ABCs of health letter S! This thing is flying by! Let’s talk about Sleep!
Sleep is one of those things that we tend to take for granted… if I had a penny for every time I hear that “sleeping is a waste of time” or “I’ll sleep when I’m dead”… I’d have a lot of money!
When it comes to health, sleep is just as important as exercise and nutrition. Sleep helps our bodies and minds recover, helps us manage weight, helps us stay mentally sharp. We should aim for 7-9 hours of sleep per night.
On the other hand… chronic bad sleep makes it harder to manage weight, to gain and maintain muscle mass, it disrupts hormones, it speeds up ageing, increases the risk of chronic illness, drains our iq… it’s not cute. Lack of sleep looks a lot like being drunk, actually. Stop to think about a time when you were exhausted… nothing seems to function properly, you feel funky, and you certainly don’t want to eat well. All the parents with small kids totally get me right now!
Fortunately, adequate sleep quickly reduces these risks.
It’s interesting to look at studies that have been done comparing the effects of sleep restriction on weight loss results. What is consistently found is that the sleep restricted and non sleep restricted groups both lose a similar amount of weight, but when you sleep less, you lose more lean mass, when you sleep more, you lose more fat mass. And the difference is significant… with proper sleep the fat mass loss is in the 80 percentage, while with sleep restriction the fat loss is in 50 percentage.
In practical terms, this means that you shouldn’t sacrifice sleep to get in that extra cardio session. When trying to lose fat or gain muscle mass especially, but also when maintaining weight, it’s crucial to give your body enough sleep to do it’s best work.
A few tips to improve, and then maintain adequate sleep.
1. Have a sleep routine.
The basic of this is to have a regular schedule, sleep and wake up at the same time every day. I know, I have kids too, it’s HARD to have a regular schedule, but we do what we prioritize, so to the best of your ability in the season you are in, be consistent. This means that your body will begin creating an internal rhythm.
Other aspects of your sleep routine can include specific habits, such as moderating alcohol and caffeine, eating and drinking well, meditating before bed, quitting electronics by a certain time before bed, reading, stretching, things like that.
2. Exercise regularly.
Exercise and sleep are a bit of a loop. If you sleep well, you exercise better, if you exercise you sleep better, so they help each other. When you prefer to exercise is totally up to you. If you are starting out, or if you are struggling to be consistent, I highly recommend you tie it to something you already do. This is habit association. Working out first thing after you wake up is a great way to create a habit because if you do it first, it’s done, and you have less chances of making excuses. But tack it on to anything… maybe you walk past a gym a few times a week while doing a specific errand, start working out. Maybe your kids still nap, so use one nap as workout time. Anything can be used as a habit creator. Many people get revved up with intense workouts at the end of the day, and usually prefer those earlier in the day, but that is not a rule. Your health. Your way. Consistency is what is important.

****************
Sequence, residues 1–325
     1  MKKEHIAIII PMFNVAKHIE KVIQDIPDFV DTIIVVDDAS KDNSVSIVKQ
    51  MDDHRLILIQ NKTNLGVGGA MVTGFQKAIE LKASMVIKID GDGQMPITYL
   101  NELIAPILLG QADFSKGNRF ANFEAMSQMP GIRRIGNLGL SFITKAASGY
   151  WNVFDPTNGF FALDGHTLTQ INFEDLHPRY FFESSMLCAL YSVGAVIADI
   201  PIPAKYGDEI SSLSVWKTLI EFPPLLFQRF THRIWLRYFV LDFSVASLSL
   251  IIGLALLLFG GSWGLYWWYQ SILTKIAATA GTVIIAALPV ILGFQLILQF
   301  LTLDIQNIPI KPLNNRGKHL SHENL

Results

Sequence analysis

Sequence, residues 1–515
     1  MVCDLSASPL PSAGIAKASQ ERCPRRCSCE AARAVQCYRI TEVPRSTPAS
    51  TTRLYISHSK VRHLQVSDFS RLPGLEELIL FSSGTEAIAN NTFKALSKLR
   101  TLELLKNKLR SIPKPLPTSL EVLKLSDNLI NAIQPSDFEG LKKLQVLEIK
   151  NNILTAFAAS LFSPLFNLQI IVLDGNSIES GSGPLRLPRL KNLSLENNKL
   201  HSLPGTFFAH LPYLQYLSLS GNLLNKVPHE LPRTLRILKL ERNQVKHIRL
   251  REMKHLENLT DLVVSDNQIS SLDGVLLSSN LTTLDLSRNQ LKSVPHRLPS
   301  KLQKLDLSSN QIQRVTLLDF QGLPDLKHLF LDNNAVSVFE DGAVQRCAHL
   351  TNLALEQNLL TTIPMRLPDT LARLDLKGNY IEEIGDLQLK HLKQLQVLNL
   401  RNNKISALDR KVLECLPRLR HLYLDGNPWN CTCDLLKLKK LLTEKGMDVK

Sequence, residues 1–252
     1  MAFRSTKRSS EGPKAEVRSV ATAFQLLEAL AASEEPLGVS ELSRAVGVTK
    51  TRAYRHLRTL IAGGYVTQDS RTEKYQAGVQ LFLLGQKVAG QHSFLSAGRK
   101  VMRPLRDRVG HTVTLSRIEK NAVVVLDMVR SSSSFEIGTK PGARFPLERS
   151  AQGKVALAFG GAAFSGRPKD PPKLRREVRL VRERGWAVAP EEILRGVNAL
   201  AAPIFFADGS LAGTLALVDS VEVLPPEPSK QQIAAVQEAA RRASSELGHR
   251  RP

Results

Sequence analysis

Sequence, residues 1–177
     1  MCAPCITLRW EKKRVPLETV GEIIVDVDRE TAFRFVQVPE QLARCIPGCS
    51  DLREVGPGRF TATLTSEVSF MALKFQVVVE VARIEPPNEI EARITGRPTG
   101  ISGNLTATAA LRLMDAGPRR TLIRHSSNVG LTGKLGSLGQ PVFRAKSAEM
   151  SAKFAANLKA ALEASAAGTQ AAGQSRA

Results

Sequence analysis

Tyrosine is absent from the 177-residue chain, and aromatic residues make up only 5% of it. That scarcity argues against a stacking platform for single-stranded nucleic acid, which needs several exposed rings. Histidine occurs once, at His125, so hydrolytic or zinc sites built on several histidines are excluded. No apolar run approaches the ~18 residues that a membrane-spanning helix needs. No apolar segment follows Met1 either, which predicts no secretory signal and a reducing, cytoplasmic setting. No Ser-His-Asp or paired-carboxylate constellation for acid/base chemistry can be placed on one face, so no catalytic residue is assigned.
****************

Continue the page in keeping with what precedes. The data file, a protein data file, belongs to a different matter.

3. Try a bath or shower
Many people add a bath or shower to their evening routine to help relax and de-stress. Try it out and see how your body likes it.
4. Optimize your sleep environment
There are adjustments you can make to help your body settle down for the night. A few ways to do this are:
– Keep the room dark. Light (especially blue light) inhibits melatonin, which is the hormone our brain produces to signal our body to sleep.
– Sleep in a relaxing, clutter-free space.
– Keep your room cool
– Use white noise if it helps
5. And finally… improve your waking up routine. I know, this may sound ridiculous, but hear me out. How you start your day sets the tone for your entire day.
So, you’re waking up at the same time every day, but waking to a jarring alarm is not the most enjoyable way to wake up.
Wake up to light, this one is trickier to control, but there are solutions such as dawn-simulating alarm clocks that can help. Also, simply exposing yourself to more light as soon as you wake up helps.
Get moving right away. There is a reason why so many people like to work out first thing in the morning. But even before that, don’t hit snooze. When it’s time to get up, just get up. There is something about moving that speeds up the waking process. From there, have a simple waking routine… maybe you practice gratitude, stretch, use the bathroom, brush your teeth, shower, work out, get coffee… find things in your morning and do them consistently.
Build your habits to support how you sleep and how you wake up. Again, how you start your day sets the tone for the rest of the day, and your first hours? Those are golden.
One thing seems to be a consensus with productive and happy people: electronics are not their first morning habit. Social media is not their first human interaction. The news is not the first thing they absorb into their brain.
Choose what you will allow into your system when you wake up – mentally, emotionally and physically. That makes or breaks your day.
Keeping it simple,